The abbreviations A and MN in the in-text citations refer to Armadale and The Meaning of Night respectively.

Introduction

decorated initial 'TV'Sypical in many ways of the mid-Victorian sensation genre, Wilkie Collins's Armadale (1866) starts with rival heirs to a great estate, peers into the subconscious through a complex dream sequence, involves drugs, poison and poisonous fumes, and explores the seamy city backstreets where even buildings can look "furtive" (A 408). Much more recently, Michael Cox employs similar elements in his sophisticated neo-Victorian thriller The Meaning of Night: A Confession (2006). He also includes scholarly apparatus provided by a fictitious editor called J. J. Antrobus, designated on the title page, "Professor of Post-Authentic Victorian Fiction, University of Cambridge." Cox's earliest successes were in the rock music world, so this might be a teasing reference to the Canadian rock group of that name. But it also serves to remind us of Collins, who started his working life as an apprentice to Antrobus & Co., tea merchants in the Strand (see Pykett 6-7). Supporting the idea of a link to Collins on the title page, Cox mentions Collins in the book itself (MN 125), and also refers to the earlier novelist in an interview, listing among his favourite Collins novels The Woman in White (1860), Armadale (1866) and The Moonstone (1868). The techniques and preoccupations with which Cox juggles can be found in all three, along with a "surprisingly modern view of fiction as artifice or construct" that must have appealed to him (Lonoff 108). Echoes abound: in The Moonstone, for example, John Herncastle, who first steals the sacred gem, is variously reported as having turned to opium, antiquarian book-collecting, and "carousing and amusing himself among the lowest people in the lowest slums of London" (31) — all pastimes in which the central character of The Meaning of Night also indulges. But Armadale, with its focus on how one of two male protagonists feels about the other, perhaps inspired the later novel most.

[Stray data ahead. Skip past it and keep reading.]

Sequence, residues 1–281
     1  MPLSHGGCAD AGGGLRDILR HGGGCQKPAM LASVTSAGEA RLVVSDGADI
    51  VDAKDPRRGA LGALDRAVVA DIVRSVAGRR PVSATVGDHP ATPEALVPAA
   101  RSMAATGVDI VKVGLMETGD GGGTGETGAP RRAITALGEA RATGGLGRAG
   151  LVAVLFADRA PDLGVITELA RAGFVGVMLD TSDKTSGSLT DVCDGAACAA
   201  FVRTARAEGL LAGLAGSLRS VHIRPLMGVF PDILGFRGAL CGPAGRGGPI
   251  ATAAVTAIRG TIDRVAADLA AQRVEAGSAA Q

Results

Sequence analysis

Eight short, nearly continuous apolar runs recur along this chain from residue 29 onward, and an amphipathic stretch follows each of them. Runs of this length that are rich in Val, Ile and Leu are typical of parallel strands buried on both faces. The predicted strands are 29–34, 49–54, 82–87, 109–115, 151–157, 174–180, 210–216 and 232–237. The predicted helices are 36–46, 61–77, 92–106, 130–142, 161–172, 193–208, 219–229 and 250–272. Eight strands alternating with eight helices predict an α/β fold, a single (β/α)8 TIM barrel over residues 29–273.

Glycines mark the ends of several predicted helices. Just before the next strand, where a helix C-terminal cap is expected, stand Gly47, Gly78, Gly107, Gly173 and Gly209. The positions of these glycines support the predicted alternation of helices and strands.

Left: Front cover of The Meaning of Night (2006): "He is there, though I cannot see him now — he seems to melt away into the darkness, to become a shadow" (MN 495). By permission of W. W. Norton & Co. Right: Aubrey Beardsley's black cat, from his illustration for Poe's famous tale of that title. Beardsley's one-eyed cat seems to wink at us. Source: Poe's Tales (1901), at the Library of Congress Digital Gallery, repro. no. LC-USZC2-3781. [Click on the thumbnails for larger pictures.]